New record for Ryanair despite chaos

LOW-fares airline Ryanair said yesterday it had carried a record total of more than four million passengers during August - despite the disruption caused by the terrorism alert at UK airports.

LOW-fares airline Ryanair said yesterday it had carried a record total of more than four million passengers during August - despite the disruption caused by the terrorism alert at UK airports.

But the Dublin-based company, which is the largest operator out of Stansted Airport, said it did not expect the full impact of the flight chaos to show up until the end of this month.

Ryanair is suing the British government for £3million in costs and lost earnings over its handling of the terrorism alert, although it has pledged to hand the proceeds to charity should it succeed with its claim.

Chief executive Michael O'Leary said yesterday that delays and cancellations resulting from the heightened security measures which began on August 10 had cost the airline around 35,000 passengers.


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“We estimate about half to two thirds of passengers would have rebooked anyways because they were on return flights,” said Mr O'Leary.

However, he added: “We feel the impact is more likely to be felt during the month of September because people stop booking when they see all the mess at the UK airports. We expect the effect will be on passenger numbers at the back end of August and early September.”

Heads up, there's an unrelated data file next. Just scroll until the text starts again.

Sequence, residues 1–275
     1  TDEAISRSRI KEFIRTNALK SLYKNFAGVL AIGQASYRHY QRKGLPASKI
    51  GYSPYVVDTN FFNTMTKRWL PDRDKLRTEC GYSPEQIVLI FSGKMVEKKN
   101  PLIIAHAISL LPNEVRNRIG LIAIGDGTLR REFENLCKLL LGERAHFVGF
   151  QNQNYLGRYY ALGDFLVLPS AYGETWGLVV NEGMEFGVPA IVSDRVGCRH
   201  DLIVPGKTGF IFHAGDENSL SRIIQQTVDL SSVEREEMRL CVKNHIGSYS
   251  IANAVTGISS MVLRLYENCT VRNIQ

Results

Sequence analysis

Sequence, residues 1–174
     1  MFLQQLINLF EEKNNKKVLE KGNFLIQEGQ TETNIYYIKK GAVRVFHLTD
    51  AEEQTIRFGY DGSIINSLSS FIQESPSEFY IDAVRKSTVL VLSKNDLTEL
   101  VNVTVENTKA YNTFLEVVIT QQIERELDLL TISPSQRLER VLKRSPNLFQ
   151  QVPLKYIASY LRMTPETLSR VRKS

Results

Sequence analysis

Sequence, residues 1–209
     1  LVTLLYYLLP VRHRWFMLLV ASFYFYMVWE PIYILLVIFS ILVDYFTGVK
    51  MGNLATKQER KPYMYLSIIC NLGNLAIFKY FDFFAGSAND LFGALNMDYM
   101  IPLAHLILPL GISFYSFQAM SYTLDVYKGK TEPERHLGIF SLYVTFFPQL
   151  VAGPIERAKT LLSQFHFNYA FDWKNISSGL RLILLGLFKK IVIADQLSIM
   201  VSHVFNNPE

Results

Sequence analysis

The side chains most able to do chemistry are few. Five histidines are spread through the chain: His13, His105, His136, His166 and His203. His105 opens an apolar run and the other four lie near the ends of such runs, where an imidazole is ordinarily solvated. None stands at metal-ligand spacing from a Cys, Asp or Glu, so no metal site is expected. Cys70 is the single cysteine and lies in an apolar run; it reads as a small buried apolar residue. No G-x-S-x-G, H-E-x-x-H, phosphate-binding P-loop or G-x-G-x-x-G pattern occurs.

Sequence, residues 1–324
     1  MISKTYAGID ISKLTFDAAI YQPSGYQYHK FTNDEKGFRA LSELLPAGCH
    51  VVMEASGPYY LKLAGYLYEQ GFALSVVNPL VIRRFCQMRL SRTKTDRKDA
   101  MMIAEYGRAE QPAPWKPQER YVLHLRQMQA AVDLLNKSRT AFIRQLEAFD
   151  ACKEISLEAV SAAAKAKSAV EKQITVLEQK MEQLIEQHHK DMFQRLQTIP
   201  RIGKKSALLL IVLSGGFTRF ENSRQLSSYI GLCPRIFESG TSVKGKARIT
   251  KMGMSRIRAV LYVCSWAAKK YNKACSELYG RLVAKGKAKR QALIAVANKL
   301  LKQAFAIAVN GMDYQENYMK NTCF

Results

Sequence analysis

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Ryanair, which claims last month's figure makes it the first airline ever to carry more than four million international passengers in a month, is aiming to counter this effect by giving away four million free seats on flights booked over the next seven days on its 371 European routes.

The free flights can be booked until midnight Monday, September 11 for travel between September 19, 2006 to March 24, 2007.

Mr O'Leary said: “This is designed to pick up any bookings we lost as a result of the security mess in the UK during the middle of August, it is to make sure to maintain 80%, 85% load factors throughout October, November, December.”

Despite the record passenger total for August, Ryanair said yesterday that its legal action against the UK Government would still going ahead.

“The fact is UK security measures on outbound UK flights are widely discredited within the airline industry, within the airport industry and also by passengers who are having their cosmetics and toiletries confiscated at airport security,” Mr O'Leary said.

“I think the fact they are not rolled out to somewhere like the London Underground shows that in reality they don't add to security; it is simply a way for politicians to make it look like they are doing something.”

Ryanair also yesterday confirmed a number of new routes out of Dublin from next February, to destinations including Malta, Stockholm and the Canary Islands. It is also doubling the frequency of its flights from Dublin to Berlin, Rome, Malaga and Faro.

Mr O'Leary said: “We will be adding more aircraft to Dublin Airport next summer, probably another two maybe three aircraft. And you can probably add about 75 jobs per aircraft.”

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